Let us Pray: O God, who was pleased often to shed a heavenly dew over Thy Virgin, Blessed Agnes, and to deck the places of her prayer with divers fresh-blown flowers, mercifully grant that we, through her prayers, may be sprinkled with the unfailing dew of Thy blessing and made fit to receive the fruits of heavenly immortality. Through Christ our Lord.

R. Amen.

Blessed Bartholomew Cerveri, M.O.P.

Memorial Day: April 22nd

 

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    Carrying on the glorious tradition of death in the cause of truth. Blessed Bartholomew of Cerveri was the fourth Dominican inquisitor to win his crown in Piedmont, in the stronghold of thee Catharists, who had taken the lives of Peter of Verona, Peter of Ruffia, and Anthony of Pavonio.

   

    Bartholomew was born at Savigliano, in 1420 , and, even in his early years, displayed precocious solemnity and piety. He entered the Order in the convent of his native town, and progressed rapidly in his studies. on May 8th , 1452, he distinguished he himself by obtaining the licentiate, the doctorate and master's degree from the capital university of Turin; the only time in the history of the university that anyone had acquired three degrees in one day.

   

    Bartholomew taught for a year at the university, and then he was made prior of the convent at Savigilano. In his short apostolate of 12 years, he converted many heretics and worked steadfastly to eradicate heresy. He was appointed inquisitor in Piedmont, which made it clear to him that a martyr's death was marked out for him. Being a Dominican in Lombardy was a dangerous business, at best; too be appointed inquisitor meant the heretics were given a target for their hatred.

  

     In many ways the murder of Bartholomew and his companions repeats the martyrdom of Peter of Verona. Bartholomew knew beforehand that he was to die, and he made a general confession before starting out on his last trip. He remarked to his confessor, "They will call me , Bartholomew of Cerverio, though I have never set foot there. Today I go there as a inquisitor and there I must die." On the road entering Cerverio, he and his party were attacked by five heretics. His companions were wounded, but escaped. Bartholomew died, riddled with dagger wounds, before they could get help.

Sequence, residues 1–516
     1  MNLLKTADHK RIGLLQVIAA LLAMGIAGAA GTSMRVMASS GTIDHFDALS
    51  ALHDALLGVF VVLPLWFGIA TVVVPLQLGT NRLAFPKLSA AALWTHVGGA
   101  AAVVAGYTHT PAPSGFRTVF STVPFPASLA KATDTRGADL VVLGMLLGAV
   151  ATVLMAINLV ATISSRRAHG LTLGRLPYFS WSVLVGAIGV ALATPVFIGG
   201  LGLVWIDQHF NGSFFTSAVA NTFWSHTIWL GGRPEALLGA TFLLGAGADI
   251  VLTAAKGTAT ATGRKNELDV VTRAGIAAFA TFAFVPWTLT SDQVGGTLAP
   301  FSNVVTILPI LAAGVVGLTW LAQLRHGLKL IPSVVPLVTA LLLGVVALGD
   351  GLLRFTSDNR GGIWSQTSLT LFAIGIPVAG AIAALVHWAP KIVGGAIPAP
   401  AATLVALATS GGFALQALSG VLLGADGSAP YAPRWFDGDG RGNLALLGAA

Some people of Savigliano saw a bright light in the sky over Cerverio and surmised what had happened. They went out and brought home the relics, marveling back, despite all the wounds, the martyr had not bled. Laying him down in the church of the Dominicans, they saw his wounds bleed, and the hastily rescued the blood for relics. He was buried n a Dominican Church of Savigliano, and , later, when the church was ruined by revolution, the relics were moved to the parish church.

   

    A chapel was built at the sight of the martyrdom and richly decorated with narrative frescoes. Processions were made there several times a year by the people of Savigliano and Cerverio, invoking Bartholomew against thunder and hail especially. At The same place a fig tree was honored for many years for its connection with Capital Blessed Bartholomew; it was supposed to have sprung up at the time of the martyrdom, at the very place the martyr fell.

 

Born: 1420

Died: Martyred in 1466

Beatified: Pope Pius IX beatified Bartholomew of Cerverio in 1853

   

Prayers/Commemorations

First Vespers

Ant. This is a martyr indeed , who for the name of Christ shed his blood; who neither feared the threats of judges, nor sought the glory of earthly dignity, but has joyously come to the heavenly kingdom.

V. Pray for us Blessed Bartholomew

R. That we may be worthy of the promises of Christ.

 

Lauds:

Ant. Let him that would come after Me deny himself, take up his cross and follow Me.

V. A Crown of gold is on his head,.

R. Signed with the sign of sanctity.

 

Second Vespers

Ant. This is he who for the law of his God delivered himself to death. He did not hesitate to die; he was slain by the wicked, and lives forever with Christ: he followed the Lamb and has received the palm.

V. Pray for us, Blessed Bartholomew.

R. That we may be worthy of the promises of Christ.

 

Prayer